start some preliminary thinking on a more integrated, forward-looking strategy that would include not just sanctions, MONUC’s mandate and costs, but a discussion of the spectrum of the DRC’s needs after the transitional phase and what role the Council could play in conjunction with MONUC, donors and stakeholders.
The key issue right now is how best to ensure that the transitional period is finalised, particularly given the renewed potential for election-related violence.
MONUC’s future is likely to become an issue after the election. But given the recent events in Kinshasa, and bearing in mind the Council’s recent experience with Burundi, there will be nervousness about acquiescing too quickly in phasedown suggestions, whether from within the Council or from the newly elected government.
A further issue that may arise stems from uncertainty as to when the government will be able to be seated. There are problems with interpreting the constitution as to whether the national assembly alone or the full parliament-including the senate-is competent to appoint the prime minister, who will then appoint the cabinet. If it is the full parliament, the situation becomes much more complex since the senate will only be elected by provincial assemblies reportedly on 29 December.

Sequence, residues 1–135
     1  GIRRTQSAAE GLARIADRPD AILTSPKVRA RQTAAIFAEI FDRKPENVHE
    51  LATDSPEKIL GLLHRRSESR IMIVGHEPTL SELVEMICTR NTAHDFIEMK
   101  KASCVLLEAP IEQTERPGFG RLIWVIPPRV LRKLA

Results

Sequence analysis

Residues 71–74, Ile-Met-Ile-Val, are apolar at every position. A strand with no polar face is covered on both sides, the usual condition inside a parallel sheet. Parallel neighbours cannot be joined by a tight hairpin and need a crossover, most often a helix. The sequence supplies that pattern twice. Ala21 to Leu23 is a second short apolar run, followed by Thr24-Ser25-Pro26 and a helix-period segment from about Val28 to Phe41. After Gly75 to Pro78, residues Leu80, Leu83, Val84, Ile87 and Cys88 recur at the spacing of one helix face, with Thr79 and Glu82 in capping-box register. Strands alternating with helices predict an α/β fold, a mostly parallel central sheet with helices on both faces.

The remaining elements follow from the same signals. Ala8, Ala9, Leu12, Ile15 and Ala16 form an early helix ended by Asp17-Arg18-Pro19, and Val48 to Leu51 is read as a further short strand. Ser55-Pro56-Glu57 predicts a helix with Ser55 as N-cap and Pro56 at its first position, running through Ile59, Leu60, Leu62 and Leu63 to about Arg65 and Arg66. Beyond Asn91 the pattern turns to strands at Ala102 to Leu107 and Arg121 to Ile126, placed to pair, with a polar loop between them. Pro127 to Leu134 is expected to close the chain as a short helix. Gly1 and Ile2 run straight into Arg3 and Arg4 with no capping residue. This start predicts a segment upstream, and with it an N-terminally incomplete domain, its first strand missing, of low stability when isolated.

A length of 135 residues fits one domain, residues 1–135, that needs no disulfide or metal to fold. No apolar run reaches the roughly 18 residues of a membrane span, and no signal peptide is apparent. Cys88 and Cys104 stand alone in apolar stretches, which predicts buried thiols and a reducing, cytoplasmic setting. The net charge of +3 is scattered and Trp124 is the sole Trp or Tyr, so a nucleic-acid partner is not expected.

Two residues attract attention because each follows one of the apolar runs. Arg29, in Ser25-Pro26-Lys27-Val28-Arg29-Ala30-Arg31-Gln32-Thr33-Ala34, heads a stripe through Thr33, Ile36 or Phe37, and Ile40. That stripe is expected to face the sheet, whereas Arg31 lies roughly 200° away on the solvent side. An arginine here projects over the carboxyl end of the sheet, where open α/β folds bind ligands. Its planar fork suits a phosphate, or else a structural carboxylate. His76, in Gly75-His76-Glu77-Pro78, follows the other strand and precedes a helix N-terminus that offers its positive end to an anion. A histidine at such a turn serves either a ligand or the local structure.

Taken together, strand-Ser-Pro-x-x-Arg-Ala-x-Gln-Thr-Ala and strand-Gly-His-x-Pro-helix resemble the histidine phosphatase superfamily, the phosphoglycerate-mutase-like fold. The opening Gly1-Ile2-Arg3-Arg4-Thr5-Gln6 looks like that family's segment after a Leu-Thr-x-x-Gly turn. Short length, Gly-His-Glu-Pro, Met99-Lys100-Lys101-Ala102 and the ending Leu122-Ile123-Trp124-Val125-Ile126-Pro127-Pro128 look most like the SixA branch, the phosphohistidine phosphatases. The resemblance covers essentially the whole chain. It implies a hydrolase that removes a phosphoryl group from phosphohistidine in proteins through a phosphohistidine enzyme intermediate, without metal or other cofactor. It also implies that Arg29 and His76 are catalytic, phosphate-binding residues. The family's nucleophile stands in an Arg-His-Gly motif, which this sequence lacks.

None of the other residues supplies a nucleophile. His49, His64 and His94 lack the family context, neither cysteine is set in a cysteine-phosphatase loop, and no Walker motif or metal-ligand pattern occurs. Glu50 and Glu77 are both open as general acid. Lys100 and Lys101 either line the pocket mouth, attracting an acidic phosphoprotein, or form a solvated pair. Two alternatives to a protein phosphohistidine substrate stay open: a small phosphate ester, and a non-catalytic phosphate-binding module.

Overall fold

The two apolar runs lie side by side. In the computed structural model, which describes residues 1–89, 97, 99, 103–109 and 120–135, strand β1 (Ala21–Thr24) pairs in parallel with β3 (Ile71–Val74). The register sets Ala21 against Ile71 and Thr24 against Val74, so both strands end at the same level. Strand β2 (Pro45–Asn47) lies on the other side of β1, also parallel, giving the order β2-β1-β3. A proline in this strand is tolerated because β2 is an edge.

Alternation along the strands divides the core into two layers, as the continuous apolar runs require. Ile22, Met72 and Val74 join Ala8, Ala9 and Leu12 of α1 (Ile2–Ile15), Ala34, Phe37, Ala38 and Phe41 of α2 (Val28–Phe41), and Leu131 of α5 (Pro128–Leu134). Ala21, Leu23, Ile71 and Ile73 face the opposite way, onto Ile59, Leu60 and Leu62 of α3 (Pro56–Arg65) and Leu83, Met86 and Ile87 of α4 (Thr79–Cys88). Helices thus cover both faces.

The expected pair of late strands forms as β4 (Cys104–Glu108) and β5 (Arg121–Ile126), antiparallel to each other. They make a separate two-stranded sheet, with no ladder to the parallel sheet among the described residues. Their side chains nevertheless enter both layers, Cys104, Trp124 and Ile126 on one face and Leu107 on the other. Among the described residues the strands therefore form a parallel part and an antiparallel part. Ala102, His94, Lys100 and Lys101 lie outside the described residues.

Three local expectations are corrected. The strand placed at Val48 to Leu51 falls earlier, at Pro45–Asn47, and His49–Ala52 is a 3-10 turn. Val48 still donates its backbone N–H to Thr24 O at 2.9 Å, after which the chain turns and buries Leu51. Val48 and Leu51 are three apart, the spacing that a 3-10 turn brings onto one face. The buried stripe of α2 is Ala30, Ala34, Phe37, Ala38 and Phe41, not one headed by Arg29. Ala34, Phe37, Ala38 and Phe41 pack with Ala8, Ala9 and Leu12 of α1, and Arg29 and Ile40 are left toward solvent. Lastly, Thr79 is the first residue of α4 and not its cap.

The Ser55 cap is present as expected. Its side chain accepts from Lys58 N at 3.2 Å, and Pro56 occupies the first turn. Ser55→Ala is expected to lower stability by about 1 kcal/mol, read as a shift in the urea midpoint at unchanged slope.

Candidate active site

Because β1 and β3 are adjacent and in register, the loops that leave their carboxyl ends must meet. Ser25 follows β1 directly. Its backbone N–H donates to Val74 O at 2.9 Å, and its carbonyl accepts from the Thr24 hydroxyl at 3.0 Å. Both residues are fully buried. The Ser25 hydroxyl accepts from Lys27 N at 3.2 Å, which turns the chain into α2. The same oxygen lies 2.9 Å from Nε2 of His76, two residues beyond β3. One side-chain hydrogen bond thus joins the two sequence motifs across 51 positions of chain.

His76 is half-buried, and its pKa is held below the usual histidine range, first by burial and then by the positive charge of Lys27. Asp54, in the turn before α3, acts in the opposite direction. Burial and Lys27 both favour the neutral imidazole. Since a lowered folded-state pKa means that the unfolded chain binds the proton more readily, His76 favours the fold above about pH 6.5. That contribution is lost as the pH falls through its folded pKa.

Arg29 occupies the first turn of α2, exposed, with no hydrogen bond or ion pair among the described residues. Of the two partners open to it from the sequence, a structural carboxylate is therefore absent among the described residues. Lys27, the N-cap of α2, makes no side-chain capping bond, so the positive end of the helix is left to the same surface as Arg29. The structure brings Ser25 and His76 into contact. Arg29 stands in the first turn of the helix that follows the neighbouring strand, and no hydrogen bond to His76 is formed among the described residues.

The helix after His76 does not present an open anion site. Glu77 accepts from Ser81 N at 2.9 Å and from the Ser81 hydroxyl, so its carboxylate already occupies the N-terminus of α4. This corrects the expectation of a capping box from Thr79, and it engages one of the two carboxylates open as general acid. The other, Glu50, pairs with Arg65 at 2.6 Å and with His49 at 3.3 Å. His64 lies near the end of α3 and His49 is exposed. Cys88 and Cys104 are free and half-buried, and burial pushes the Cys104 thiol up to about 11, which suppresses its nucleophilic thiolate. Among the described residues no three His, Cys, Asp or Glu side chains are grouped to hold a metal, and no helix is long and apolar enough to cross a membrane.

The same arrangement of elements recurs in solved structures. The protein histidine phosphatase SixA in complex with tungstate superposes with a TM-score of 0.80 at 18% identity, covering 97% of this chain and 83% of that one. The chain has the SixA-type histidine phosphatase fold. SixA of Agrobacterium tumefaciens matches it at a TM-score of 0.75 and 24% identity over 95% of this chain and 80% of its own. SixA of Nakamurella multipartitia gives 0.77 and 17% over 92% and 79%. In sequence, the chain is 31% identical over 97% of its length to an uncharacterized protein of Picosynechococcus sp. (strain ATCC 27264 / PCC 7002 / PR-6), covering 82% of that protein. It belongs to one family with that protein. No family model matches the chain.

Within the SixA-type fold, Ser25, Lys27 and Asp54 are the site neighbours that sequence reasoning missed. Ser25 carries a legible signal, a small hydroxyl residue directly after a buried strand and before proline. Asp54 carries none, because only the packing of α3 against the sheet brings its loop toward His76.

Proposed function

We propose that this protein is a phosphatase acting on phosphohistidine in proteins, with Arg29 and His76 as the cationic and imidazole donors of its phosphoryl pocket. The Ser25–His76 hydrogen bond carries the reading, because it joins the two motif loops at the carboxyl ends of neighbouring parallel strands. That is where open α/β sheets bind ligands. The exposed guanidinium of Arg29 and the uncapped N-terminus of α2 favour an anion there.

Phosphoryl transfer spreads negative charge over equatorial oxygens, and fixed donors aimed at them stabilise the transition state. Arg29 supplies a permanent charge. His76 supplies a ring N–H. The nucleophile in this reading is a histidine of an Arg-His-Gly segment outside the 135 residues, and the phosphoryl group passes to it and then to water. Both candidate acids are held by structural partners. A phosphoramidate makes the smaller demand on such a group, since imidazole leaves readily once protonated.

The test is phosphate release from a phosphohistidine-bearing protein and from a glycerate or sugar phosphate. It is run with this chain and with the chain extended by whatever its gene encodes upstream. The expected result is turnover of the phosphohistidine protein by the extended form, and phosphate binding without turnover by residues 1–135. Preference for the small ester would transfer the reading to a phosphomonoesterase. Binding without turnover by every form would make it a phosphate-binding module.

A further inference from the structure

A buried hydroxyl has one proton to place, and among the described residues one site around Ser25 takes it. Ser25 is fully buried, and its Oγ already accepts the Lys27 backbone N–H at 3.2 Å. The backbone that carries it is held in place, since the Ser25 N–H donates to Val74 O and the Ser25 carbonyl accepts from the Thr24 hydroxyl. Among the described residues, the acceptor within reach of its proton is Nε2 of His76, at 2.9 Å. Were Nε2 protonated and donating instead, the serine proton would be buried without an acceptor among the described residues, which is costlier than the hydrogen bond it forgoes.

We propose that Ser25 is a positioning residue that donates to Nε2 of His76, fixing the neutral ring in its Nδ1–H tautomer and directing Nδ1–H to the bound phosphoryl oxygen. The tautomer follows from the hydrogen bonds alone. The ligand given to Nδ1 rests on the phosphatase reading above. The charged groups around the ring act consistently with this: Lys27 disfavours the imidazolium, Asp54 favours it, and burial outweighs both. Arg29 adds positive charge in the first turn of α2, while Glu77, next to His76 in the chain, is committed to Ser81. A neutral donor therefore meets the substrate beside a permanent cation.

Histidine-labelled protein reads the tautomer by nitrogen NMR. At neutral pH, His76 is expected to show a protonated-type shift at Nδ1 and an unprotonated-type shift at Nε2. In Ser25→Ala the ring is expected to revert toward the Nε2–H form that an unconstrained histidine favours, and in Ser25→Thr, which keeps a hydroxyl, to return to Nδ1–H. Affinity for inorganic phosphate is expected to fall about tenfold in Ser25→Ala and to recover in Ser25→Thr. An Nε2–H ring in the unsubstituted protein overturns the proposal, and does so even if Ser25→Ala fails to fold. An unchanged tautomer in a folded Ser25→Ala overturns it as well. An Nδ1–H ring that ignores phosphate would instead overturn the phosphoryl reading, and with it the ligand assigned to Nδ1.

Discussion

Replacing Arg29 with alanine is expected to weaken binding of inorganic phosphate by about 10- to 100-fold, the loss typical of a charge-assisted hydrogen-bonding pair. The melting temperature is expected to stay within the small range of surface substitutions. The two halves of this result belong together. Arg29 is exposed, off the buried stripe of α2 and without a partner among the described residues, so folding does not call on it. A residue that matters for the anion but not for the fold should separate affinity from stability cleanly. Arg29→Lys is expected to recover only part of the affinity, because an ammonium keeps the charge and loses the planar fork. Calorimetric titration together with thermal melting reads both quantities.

A set of related concerns also looms large:
security sector reform, and the disarmament, demobilisation and reintegration or repatriation of Congolese and foreign armed groups;
conduct and discipline of Congolese and MONUC forces (especially after reports of child prostitution involving MONUC personnel);
lists of targeted sanctions; and
illegal exploitation of natural resources and sanctions enforcement.
The Council is not divided on the issue of renewing MONUC and other mandates until after the election process is finalised. Some members will be pushing for a six-month renewal, bearing in mind the precedent in Liberia.
Most members expect that the future of MONUC is likely to create divisions linked to pressures for containing peacekeeping costs.
Some are conscious that sustained commitment will be needed for the long-term. They believe that MONUC should only be modified after the transitional phase is over and are concerned with the possibility of pressure for downsizing MONUC too quickly. This view seems to have gained momentum since the experiences in Haiti and, more recently, in Timor-Leste.